Top 10 Films of 2012:

Note: The only film I haven’t seen that will most likely make an impact on this list is Amour, which I’ll be seeing on February 15th.


1 – Zero Dark Thirty
Directed by: Kathryn Bigelow


2 – Beasts of the Southern Wild
Directed by: Benh Zeitlin


3 – The Master
Directed by: Paul Thomas Anderson


4 – Silver Linings Playbook
Directed by: David O. Russell


5 – Celeste and Jesse Forever
Directed by: Lee Toland Krieger


6 – Holy Motors
Directed by: Leos Carax


7 – Seven Psychopaths
Directed by: Martin McDonagh


8 – Life of Pi
Directed by: Ang Lee


9 – Django Unchained
Directed by: Quentin Tarantino


10 – The Impossible
Directed by: Juan Antonio Bayona

And this, essentially, functions as my apology for hating on Kathryn Bigelow throughout the entire 2009-10 awards season. I still don’t like The Hurt Locker, but Zero Dark Thirty is a triumph of contemporary cinema.

Top 10 Films of 2010


10 – Mother and Child (Rodrigo Garcia)

In a film that contains what has to be Naomi Watts’ 193856th underappreciated performance of the past 10 years, Rodrigo Garcia paints an emotionally-charged (and altogether disheartening) outlook on motherhood with Mother and Child. Garcia’s de-emphasis on feminine objectivity that usually plagues his films goes to show how much his style is changing for the better. Here he takes a step back, treats his subjects with emotional precision, and finally lets his audience envelop themselves in his intricate vision for once.


9 – Catfish (Henry Joost, Ariel Schulman)

If I’m going to be completely honest (and those of you who’ve seen this one undoubtedly will agree) I still haven’t been able to convince myself that Catfish is either a brilliant (and altogether shot with heapings of luck) documentation of reality or a scripted farse into societal criticism. One thing’s for sure, the film’s ambiguity completely adds to the depth and complexity of Joost and Schulman’s is-it-or-isn’t-it-real “documentary”, that is at once mesmerizing because of its careful narrative handling that plays into conventions of fictional genres yet retains without a doubt a “real” depiction of  a disturbing portrait of one of an extremely grim side of human nature. Because we’re told the film is “real”, just as in a fiction, our disbelief is suspended due to the sheer ludicrosity of the entire thing once we understand what’s actually going on; regardless, the film contains one of the most moving conclusions you’re likely to experience this side of pre-90’s Streep material.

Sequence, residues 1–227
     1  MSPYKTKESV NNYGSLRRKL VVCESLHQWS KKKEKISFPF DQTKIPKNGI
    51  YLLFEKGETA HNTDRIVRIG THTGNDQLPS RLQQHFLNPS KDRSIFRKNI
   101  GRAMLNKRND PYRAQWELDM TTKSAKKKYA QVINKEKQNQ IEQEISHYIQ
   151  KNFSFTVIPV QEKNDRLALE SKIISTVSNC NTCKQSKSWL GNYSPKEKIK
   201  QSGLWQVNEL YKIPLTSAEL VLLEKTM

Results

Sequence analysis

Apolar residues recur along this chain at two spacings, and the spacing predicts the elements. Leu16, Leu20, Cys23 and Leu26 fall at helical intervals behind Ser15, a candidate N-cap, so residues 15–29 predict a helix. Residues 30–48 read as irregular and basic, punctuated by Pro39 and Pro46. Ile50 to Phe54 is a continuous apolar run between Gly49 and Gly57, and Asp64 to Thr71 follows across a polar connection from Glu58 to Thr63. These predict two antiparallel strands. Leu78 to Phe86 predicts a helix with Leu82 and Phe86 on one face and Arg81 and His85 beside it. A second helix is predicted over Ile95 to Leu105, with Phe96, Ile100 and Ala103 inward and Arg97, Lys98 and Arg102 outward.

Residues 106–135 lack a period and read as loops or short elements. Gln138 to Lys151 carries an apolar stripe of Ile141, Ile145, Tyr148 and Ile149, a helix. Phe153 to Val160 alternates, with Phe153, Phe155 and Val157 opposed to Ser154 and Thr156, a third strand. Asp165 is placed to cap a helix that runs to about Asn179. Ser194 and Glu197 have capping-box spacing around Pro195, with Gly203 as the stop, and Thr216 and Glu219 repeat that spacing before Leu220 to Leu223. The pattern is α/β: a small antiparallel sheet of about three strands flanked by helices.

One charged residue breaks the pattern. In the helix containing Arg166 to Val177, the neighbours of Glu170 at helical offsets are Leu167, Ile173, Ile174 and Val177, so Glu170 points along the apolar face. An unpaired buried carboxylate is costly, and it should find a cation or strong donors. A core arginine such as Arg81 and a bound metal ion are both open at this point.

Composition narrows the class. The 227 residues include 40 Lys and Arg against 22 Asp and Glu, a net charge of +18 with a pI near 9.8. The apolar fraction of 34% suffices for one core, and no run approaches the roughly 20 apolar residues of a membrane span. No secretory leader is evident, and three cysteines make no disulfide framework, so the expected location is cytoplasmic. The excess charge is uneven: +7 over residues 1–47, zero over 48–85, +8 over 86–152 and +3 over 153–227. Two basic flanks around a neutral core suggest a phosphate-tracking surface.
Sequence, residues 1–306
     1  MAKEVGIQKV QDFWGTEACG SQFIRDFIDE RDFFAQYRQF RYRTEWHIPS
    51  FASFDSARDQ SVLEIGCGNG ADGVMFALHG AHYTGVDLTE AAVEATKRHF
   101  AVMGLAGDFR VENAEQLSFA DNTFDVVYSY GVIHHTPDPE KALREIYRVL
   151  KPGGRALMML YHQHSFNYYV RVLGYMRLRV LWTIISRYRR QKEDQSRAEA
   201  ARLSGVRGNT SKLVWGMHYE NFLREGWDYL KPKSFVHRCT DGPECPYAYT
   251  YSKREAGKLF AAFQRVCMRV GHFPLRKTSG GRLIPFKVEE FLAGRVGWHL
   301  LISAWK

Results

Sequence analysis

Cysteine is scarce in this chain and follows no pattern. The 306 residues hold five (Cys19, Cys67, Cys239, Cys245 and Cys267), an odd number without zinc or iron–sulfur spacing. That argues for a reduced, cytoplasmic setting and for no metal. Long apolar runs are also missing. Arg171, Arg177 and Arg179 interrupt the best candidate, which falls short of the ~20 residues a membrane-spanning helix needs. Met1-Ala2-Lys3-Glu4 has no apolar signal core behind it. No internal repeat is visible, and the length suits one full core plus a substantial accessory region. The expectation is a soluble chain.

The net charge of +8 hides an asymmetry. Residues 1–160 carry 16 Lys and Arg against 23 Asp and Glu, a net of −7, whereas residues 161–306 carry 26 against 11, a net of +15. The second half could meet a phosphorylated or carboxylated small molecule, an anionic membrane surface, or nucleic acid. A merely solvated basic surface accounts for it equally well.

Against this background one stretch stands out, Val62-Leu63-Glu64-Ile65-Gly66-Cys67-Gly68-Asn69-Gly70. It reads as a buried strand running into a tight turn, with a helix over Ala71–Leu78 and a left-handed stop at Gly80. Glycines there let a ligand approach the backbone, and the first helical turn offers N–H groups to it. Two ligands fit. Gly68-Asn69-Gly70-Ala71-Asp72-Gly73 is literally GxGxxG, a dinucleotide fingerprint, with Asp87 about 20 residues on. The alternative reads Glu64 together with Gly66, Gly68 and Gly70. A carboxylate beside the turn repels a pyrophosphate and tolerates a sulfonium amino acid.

8 – Animal Kingdom (David Michôd)

Foreign entries into the US market were surprisingly strong last year, an no film better exemplifies the increasingly brutal foreign worldview than Australia’s Animal Kingdom. Gorgeous cinematography contrasts beautifully with an intensely gritty (and altogether grim) narrative that puts even the darkest American crime dramas of the 80s to shame. At once hinting at such nostalgic genre conventions with its clever interplay of gangsters vs. good guys, the film never ostentatiously demonizes its subjects; smack dab in the middle of the action lies an extremely poignant coming-of-age  tale that plays the dysfunctional family note to dazzling dischord, creating a fabulous intentionally conflicted (and expertly so) atmosphere. Jacki Weaver takes a masterful turn as the matriarch of a closely-knit family of viscious criminals, playing saccharinely aloof for the film’s bulk yet employing a genius shift of character towards the film’s conclusion that truly drives the whole home.